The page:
Change or Die: Scholarly E-Mail Lists, Once Vibrant, Fight for Relevance

Listservs, a trademarked software for running e-mail lists whose
name is often used to refer to the lists themselves, were once a
“killer app” that tempted many professors to try the Internet in the
first place, back when many established scholars were skeptical of
computers. A Chronicle article nearly 15 years ago proclaimed
the exciting new world of academic e-mail lists, calling them “the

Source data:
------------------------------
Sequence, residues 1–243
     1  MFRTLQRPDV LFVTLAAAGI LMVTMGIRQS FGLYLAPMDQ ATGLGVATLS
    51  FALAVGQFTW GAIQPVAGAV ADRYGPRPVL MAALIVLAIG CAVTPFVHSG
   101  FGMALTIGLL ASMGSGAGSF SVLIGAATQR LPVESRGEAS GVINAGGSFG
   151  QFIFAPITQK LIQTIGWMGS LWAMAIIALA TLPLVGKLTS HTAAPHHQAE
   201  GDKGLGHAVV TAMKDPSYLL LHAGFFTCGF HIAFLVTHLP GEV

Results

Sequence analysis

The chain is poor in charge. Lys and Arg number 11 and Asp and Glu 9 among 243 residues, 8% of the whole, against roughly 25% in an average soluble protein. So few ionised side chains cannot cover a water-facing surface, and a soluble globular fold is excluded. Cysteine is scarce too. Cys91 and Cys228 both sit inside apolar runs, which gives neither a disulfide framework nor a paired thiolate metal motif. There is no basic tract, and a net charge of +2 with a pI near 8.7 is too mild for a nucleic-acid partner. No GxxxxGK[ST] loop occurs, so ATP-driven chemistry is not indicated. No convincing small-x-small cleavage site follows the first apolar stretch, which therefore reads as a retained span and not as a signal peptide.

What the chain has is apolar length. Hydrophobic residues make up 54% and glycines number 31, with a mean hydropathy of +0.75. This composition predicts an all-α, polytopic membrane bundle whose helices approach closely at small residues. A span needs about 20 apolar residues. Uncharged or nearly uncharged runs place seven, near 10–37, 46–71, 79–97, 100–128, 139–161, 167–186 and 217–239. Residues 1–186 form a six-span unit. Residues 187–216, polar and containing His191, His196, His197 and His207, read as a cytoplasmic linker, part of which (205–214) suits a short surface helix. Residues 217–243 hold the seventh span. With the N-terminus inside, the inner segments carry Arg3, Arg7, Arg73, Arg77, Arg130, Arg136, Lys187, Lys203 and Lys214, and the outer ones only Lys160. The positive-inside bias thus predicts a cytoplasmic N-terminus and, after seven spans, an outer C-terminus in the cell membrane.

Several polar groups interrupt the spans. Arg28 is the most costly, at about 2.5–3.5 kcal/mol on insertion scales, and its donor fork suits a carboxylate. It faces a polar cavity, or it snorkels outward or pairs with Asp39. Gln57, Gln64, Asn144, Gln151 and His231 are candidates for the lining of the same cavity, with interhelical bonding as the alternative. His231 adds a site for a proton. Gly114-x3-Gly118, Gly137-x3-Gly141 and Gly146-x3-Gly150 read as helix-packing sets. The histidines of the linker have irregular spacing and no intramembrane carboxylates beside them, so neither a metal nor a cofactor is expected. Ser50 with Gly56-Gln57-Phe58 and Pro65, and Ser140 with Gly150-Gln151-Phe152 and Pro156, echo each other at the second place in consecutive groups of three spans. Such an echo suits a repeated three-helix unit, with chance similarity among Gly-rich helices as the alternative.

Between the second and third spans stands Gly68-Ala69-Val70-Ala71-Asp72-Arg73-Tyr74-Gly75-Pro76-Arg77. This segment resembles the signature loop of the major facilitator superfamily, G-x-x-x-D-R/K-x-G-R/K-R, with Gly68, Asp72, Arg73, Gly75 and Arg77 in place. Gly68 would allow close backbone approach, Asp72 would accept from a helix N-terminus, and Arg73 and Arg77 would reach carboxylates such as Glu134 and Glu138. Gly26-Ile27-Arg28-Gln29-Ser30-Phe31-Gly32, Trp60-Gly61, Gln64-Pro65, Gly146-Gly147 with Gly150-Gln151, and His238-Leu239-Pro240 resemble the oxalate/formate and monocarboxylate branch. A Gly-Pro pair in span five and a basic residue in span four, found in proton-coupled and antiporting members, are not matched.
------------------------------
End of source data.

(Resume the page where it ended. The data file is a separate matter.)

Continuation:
first truly worldwide seminar room.”

“This is the
academy of the 1990s, where ‘being connected’ has taken on a whole new
meaning,” the 1994 article went on. “Attending the right graduate
school and being published in prestigious places are still important,
but establishing a name for oneself online has become the newest way to
win recognition.”

But now collaborating online with
colleagues is so accepted that scholars are trying new tools that are
easier to use and, well, a little more exciting. When was the last time
someone enthusiastically recommended a new e-mail list to you? — Jeffrey R. Young, Chronicle of Higher Ed